Inside Advanced Scale Challenges|Tuesday, March 28, 2017
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Fighting the Cloud Vendor Lock-In Headache 

Vendor lock-in is one of the biggest concerns for enterprises making the move to the public cloud. IT leaders have spent years under the yoke of database giants and hardware vendors, so they are right to be skittish about getting stuck in a single public cloud. But before enterprises begin leveraging multiple public cloud vendors, they need to understand the risks of deploying multiple clouds at a time when IT teams are already struggling to govern existing solutions.

Choosing the right cloud solution must balance vendor lock-in fears with manageability and governance. This strategy can be broken down into three steps: Choose (and perfect) your primary cloud, reimagine the role of central IT and then automate everything.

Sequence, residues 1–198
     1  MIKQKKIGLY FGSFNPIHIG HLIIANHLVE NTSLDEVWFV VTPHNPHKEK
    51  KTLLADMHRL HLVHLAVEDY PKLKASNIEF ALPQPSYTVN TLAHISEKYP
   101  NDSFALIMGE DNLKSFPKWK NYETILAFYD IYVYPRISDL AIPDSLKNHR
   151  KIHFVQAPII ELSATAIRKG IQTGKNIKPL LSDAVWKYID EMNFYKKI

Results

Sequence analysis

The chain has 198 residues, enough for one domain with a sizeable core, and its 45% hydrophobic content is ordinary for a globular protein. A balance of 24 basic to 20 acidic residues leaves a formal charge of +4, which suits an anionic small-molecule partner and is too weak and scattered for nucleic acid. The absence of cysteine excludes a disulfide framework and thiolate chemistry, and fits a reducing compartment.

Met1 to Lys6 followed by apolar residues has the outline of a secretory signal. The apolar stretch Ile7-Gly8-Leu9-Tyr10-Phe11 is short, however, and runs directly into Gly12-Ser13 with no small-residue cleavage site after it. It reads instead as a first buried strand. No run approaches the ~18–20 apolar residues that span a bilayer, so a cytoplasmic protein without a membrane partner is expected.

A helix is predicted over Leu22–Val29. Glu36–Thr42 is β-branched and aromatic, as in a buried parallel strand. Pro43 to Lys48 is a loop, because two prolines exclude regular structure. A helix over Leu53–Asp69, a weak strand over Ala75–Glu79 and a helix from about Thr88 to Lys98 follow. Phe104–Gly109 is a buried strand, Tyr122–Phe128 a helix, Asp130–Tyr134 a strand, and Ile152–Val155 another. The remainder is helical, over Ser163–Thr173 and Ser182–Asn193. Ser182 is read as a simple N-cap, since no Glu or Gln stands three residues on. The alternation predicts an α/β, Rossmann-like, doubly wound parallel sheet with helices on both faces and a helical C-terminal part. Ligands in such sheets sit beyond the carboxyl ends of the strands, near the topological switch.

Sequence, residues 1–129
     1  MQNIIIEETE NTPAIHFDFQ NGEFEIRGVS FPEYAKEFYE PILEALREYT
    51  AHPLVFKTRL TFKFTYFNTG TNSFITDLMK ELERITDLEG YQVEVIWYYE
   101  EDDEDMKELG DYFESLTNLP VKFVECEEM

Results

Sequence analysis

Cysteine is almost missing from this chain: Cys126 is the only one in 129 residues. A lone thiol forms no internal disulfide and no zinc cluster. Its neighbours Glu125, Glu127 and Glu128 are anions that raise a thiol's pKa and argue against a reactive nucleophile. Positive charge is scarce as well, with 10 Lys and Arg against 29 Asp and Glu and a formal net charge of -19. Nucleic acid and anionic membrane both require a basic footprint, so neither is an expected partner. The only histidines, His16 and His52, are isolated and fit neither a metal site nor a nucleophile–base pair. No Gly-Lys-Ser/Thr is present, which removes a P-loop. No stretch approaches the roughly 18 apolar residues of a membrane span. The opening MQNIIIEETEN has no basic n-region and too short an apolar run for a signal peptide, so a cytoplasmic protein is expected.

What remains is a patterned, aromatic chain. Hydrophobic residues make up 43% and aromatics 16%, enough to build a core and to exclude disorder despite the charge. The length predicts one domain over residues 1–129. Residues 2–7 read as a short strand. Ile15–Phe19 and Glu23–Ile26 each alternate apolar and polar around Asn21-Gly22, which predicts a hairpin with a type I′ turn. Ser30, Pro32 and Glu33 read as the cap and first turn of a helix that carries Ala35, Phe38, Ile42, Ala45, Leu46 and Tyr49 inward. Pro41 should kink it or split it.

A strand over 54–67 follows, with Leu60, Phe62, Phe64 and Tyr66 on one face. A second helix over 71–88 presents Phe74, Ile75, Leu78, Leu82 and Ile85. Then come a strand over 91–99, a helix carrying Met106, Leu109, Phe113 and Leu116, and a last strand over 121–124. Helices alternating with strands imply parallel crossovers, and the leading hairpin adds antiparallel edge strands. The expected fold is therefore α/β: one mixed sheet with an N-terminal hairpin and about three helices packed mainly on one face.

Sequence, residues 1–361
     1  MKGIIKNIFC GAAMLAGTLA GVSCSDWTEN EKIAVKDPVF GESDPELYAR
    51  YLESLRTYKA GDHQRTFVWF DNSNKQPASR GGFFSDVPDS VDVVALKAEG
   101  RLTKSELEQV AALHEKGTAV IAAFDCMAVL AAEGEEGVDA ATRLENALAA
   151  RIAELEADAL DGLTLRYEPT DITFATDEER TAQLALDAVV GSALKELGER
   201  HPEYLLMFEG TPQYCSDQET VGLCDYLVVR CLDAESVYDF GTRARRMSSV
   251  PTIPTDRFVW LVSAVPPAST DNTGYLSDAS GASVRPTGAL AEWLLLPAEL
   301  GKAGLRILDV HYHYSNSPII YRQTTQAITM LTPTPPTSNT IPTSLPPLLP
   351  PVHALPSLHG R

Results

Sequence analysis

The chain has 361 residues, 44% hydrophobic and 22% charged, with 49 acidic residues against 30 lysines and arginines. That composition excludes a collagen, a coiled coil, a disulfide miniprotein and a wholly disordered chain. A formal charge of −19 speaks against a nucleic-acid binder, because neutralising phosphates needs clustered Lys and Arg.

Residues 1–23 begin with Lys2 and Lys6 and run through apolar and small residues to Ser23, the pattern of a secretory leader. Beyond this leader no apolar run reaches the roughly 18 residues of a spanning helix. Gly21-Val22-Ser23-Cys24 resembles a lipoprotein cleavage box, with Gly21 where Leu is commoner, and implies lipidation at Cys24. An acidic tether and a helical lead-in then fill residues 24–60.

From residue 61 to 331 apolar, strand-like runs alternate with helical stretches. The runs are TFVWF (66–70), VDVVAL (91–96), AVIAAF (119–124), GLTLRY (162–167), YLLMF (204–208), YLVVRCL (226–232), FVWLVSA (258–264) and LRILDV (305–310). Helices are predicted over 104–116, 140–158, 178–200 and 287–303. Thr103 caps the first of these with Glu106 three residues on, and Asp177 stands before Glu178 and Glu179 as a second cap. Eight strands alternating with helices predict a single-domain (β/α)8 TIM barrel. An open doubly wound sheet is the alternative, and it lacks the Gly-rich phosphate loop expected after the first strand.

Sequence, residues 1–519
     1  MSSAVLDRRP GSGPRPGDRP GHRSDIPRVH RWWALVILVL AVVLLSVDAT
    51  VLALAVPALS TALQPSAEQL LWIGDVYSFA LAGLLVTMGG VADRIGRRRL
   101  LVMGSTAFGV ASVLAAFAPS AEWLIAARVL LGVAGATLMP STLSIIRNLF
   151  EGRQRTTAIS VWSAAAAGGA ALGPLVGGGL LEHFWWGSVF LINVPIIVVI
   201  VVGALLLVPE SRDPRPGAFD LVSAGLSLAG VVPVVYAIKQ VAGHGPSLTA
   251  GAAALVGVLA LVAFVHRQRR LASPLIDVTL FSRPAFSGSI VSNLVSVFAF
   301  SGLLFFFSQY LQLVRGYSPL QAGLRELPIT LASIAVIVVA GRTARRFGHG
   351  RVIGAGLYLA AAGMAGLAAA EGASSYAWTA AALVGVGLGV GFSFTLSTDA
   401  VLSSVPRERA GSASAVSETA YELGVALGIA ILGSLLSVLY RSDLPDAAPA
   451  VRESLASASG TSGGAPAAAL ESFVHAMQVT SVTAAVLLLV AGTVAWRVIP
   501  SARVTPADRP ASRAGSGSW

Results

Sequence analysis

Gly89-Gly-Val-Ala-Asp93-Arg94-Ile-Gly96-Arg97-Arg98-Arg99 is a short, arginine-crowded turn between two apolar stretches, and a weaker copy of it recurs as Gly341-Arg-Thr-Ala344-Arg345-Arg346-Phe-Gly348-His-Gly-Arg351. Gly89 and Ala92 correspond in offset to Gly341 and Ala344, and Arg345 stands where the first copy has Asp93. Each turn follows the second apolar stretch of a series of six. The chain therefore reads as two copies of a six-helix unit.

Step 1: Choose (and perfect) your primary cloud vendor.

Chances are that some of your teams are already experimenting with more than one public cloud vendor. As central IT begins to formalize and expand this usage, it is important that you begin by getting one cloud right -- in production -- before you attempt to use multiple clouds for the same workload or business unit.

The hard part about migrating to any IaaS platform is not the technology itself but the governance models, cost control measures and the processes your systems and development teams use to work together. You need to let your engineers learn your primary cloud platform in its entirety; experiment with various workloads; and learn to manage, audit and control one cloud before you introduce additional complexity and risk by adding a second cloud. Developers and cloud engineers may be able to keep up, but compliance and finance teams will not.

Step 2: Reimagine the role of central IT.